The results reported here show clear differences in the frequency and size of IFN-γ vs IL-10-secreting islet antigen-specific T cell responses between the clinical groups studied, with antibody-negative first-degree relatives appearing to show a phenotype intermediate between newly diagnosed type 1 diabetic patients and healthy controls. For the proinflammatory cytokine, IFN-γ, responses to the peptide panel were similar in frequency in the patients and first-degree relatives groups, but significantly more frequent than in healthy controls (diabetic patients vs healthy controls p = 0.0003, relatives vs healthy controls p = 0.009; Fig.  1a). The importance of the breadth of IFN-γ responses across the peptide panel is emphasised by the observation that the frequency of positive responses to all seven islet peptides in the panel was greater than expected for an irrelevant peptide in newly diagnosed type 1 diabetic patients (tetanus toxoid peptide number 8), whereas this was only true for one of seven peptides for healthy controls. An intermediate result was seen for first-degree relatives, with five of seven peptides of the panel showing an increased frequency response greater than peptide 8 (Fig. 4). The maximal size of IFN-γ-secreting positive islet peptide responses was relatively modest, being smaller than that seen for tetanus toxoid peptides, and did not differ between the clinical groups (Fig. 2).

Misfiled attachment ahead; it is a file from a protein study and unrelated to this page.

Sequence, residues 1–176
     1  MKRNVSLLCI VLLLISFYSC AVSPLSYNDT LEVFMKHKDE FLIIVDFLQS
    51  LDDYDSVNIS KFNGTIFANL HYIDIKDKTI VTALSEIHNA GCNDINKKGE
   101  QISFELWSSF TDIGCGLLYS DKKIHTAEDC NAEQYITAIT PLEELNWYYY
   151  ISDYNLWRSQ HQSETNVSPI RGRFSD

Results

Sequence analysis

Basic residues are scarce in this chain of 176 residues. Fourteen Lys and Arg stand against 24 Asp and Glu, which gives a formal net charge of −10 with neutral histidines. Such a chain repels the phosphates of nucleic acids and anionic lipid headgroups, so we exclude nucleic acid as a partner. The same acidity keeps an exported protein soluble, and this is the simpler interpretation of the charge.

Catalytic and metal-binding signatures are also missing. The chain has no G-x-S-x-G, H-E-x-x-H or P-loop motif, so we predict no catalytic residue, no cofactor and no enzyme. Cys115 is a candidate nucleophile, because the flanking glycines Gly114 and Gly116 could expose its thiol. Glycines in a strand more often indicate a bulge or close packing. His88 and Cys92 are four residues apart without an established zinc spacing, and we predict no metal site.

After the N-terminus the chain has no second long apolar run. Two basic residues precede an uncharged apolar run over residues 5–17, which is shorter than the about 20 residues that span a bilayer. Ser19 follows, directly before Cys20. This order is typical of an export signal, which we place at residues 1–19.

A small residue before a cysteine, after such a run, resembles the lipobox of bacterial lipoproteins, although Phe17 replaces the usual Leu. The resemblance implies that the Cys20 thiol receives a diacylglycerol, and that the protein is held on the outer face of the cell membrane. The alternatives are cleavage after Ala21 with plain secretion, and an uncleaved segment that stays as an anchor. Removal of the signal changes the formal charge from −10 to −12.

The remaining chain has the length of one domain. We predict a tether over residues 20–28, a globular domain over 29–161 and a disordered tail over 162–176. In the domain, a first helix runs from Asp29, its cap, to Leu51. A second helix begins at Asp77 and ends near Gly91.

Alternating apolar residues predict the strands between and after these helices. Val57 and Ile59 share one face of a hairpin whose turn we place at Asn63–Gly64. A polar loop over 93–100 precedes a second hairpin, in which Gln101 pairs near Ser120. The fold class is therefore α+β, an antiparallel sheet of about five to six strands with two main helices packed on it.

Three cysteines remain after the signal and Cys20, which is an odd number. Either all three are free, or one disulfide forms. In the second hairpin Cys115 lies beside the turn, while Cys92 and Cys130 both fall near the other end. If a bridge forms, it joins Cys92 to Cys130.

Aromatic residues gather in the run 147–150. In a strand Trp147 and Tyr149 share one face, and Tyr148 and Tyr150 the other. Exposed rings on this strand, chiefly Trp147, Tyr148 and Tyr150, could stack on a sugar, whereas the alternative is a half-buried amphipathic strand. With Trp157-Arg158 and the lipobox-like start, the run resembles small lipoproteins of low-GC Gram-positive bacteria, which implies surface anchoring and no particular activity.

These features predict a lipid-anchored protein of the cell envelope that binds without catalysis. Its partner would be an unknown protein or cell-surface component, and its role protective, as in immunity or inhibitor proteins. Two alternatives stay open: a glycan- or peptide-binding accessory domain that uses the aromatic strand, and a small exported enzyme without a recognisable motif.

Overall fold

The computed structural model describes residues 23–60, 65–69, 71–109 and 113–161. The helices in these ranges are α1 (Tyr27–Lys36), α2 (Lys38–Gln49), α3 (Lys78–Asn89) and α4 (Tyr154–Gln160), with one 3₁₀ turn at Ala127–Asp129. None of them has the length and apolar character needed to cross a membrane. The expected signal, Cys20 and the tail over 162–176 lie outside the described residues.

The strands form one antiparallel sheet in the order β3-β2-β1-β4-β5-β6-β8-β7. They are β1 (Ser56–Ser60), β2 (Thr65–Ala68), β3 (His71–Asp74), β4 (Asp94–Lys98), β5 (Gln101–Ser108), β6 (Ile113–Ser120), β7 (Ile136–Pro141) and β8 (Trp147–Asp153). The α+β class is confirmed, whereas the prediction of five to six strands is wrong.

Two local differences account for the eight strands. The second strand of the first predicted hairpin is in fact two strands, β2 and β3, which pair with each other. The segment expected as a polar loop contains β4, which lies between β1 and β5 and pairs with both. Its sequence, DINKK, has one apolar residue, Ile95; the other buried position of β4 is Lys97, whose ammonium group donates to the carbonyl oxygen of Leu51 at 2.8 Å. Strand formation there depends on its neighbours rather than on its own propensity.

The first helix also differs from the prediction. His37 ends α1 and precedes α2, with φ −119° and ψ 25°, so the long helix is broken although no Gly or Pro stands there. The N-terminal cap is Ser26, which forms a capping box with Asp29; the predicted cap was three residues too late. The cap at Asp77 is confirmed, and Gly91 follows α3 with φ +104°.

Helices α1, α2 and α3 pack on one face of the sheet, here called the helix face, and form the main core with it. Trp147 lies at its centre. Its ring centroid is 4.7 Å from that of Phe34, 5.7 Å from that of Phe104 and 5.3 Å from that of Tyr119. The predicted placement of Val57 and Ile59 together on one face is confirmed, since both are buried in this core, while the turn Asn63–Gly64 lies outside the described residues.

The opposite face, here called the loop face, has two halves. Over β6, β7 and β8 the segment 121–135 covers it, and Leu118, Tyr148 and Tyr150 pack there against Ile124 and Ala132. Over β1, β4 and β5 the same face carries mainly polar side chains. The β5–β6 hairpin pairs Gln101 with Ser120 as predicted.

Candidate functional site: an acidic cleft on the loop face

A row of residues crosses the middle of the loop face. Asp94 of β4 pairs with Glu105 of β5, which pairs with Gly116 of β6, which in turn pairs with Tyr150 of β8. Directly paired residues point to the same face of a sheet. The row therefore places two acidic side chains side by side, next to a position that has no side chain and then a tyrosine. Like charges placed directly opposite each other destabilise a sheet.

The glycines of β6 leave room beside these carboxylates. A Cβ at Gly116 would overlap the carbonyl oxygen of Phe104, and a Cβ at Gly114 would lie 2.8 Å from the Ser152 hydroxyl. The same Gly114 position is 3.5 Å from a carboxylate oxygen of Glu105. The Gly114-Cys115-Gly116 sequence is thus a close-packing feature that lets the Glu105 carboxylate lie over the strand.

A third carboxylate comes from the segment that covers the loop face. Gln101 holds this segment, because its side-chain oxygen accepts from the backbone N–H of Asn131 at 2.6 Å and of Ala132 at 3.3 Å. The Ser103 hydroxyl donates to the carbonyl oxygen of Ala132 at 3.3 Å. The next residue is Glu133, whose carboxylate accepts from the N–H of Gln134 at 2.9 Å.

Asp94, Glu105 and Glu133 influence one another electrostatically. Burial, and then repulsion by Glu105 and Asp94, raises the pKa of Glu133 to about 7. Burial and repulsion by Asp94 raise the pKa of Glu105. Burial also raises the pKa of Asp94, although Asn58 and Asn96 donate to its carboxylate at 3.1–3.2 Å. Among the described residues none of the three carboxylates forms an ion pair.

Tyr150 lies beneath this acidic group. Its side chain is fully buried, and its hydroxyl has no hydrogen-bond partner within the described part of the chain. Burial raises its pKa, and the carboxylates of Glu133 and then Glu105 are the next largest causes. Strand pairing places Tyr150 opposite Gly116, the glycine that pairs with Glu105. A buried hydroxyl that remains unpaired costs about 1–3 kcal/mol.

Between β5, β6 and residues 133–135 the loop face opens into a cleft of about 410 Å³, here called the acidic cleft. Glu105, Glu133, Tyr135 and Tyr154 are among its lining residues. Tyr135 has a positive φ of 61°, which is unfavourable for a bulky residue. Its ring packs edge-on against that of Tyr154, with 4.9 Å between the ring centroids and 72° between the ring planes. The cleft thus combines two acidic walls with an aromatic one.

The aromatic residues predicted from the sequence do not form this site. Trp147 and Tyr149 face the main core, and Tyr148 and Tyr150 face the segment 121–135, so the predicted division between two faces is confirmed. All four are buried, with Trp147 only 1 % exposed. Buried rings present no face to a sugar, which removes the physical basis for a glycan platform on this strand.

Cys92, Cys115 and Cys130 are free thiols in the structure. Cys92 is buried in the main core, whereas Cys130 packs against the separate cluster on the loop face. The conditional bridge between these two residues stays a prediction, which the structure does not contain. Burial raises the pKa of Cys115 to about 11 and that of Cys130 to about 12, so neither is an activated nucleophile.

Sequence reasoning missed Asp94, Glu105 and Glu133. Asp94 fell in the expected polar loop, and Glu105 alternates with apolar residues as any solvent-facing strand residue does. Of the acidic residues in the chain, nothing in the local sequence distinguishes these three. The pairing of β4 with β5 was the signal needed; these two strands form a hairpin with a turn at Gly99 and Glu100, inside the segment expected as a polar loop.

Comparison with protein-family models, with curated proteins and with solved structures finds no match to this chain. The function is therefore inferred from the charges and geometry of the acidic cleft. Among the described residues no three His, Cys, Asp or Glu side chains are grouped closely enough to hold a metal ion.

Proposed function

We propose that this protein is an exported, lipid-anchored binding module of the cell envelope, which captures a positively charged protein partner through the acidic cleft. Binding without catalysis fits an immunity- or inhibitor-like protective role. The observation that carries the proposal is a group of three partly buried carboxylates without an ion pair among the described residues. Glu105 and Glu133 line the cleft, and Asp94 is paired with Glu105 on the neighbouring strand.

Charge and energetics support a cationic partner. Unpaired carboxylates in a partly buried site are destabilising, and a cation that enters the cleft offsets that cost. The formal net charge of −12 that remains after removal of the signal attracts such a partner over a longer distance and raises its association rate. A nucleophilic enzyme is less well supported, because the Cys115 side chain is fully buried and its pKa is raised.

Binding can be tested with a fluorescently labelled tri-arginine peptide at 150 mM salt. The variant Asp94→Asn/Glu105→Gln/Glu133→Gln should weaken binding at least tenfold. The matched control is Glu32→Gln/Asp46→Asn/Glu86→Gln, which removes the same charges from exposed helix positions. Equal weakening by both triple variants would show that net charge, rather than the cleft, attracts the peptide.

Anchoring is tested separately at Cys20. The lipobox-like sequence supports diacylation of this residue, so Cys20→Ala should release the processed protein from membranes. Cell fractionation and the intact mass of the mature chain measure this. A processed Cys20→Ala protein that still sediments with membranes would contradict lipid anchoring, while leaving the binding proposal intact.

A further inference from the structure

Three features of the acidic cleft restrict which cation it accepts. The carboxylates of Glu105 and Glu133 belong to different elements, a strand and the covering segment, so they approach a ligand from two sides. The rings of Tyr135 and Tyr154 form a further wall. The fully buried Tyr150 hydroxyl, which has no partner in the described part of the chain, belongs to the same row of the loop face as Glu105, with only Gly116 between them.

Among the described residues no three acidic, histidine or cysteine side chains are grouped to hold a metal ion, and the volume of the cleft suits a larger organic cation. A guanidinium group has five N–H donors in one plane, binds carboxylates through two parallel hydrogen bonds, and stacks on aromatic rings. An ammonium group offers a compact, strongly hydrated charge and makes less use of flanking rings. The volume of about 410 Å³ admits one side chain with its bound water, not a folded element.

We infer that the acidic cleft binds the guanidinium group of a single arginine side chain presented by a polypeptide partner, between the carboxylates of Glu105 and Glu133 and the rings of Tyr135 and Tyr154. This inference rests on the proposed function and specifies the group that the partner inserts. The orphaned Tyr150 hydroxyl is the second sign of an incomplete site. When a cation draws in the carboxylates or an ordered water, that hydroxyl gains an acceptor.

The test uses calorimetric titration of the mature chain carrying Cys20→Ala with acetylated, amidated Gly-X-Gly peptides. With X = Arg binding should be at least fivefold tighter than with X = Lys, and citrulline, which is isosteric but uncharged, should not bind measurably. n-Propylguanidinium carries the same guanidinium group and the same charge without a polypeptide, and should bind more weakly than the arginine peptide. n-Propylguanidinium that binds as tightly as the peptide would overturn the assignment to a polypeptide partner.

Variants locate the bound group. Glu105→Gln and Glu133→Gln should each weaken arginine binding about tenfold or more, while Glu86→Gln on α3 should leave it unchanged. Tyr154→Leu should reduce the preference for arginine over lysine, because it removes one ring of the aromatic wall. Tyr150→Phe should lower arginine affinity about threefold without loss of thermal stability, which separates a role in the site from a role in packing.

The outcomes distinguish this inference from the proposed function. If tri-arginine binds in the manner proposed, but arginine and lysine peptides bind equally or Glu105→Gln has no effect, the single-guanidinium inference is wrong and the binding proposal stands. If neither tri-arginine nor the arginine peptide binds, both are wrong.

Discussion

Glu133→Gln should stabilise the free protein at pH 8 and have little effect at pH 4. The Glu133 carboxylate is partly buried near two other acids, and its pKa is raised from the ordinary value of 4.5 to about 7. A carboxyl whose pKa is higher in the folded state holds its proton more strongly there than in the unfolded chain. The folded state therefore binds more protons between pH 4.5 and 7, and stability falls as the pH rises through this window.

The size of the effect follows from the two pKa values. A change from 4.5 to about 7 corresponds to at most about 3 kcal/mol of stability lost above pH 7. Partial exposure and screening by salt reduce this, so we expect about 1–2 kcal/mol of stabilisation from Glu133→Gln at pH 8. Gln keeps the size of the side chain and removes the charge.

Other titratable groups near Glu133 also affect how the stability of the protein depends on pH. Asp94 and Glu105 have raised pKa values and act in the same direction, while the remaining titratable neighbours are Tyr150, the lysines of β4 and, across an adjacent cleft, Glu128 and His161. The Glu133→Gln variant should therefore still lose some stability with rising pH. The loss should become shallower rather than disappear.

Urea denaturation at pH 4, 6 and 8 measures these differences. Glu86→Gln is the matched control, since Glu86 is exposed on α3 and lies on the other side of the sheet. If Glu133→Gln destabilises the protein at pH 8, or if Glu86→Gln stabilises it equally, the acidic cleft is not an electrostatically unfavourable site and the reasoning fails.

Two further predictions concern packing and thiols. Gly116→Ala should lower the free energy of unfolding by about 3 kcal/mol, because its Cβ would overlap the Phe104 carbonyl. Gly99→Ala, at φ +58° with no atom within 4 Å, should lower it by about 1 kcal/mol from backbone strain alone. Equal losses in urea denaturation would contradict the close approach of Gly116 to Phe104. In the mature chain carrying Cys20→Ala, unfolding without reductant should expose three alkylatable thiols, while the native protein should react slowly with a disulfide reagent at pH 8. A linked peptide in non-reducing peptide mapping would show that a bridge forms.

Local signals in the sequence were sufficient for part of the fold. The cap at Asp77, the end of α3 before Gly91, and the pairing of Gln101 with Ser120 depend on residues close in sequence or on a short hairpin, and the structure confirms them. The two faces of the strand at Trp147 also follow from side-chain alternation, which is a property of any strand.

By contrast, potential Treg (IL-10) responses to the peptide panel showed the opposite pattern. The frequency of positive peptide responses was greater in healthy controls than in newly diagnosed type 1 diabetic patients (p = 0.008). First-degree relatives showed a frequency similar to that in the diabetic patients group and significantly less than that in healthy controls (p = 0.0007) (Fig. 1b). However, the size (measured in total SFC/1 × 106 PBMC) of positive peptide responses in first-degree relatives was similar to that in healthy controls (p = 0.8) and both were significantly greater than that in newly diagnosed type 1 diabetic patients (relatives vs diabetic patients p = 0.02; healthy controls vs diabetic patients p = 0.008) (Fig. 2). Furthermore, in healthy controls, seven of seven islet peptides showed an IL-10 response more frequently than the weakest tetanus toxoid peptide as compared with five of seven in first-degree relatives and only one of seven in newly diagnosed type 1 diabetic patients (Fig. 4). In contrast with IFN-γ, the overall magnitude of islet peptide responses was similar (diabetic patients) or very much greater (relatives and healthy controls) than the size of responses to tetanus toxoid peptides (Fig. 2). There was a non-significant trend to generally higher IL-10 responses in healthy controls than in the other groups (as shown by comparison of tetanus toxoid responses, p = 0.14) (Fig. 1b). However, at best this can only partially explain the differences seen, as no such difference was observed in the first-degree relatives group. In addition, no trend to greater IL-10 production in healthy controls was observed in a previous study using non-specific mitogenic stimulation of T cells [35]. Taken together, these results indicate that although antibody-negative first-degree relatives have IFN-γ responses to islet peptide almost as frequently as newly diagnosed type 1 diabetic patients, they are potentially protected by individual IL-10 responses that are very much larger than in newly diagnosed type 1 diabetic patients and comparable to those seen in healthy controls. When the ratio of maximal IL-10 and IFN-γ responses computed for each individual is compared between the groups, the response of first-degree relatives is intermediate between diabetic patients and healthy controls (Fig. 5).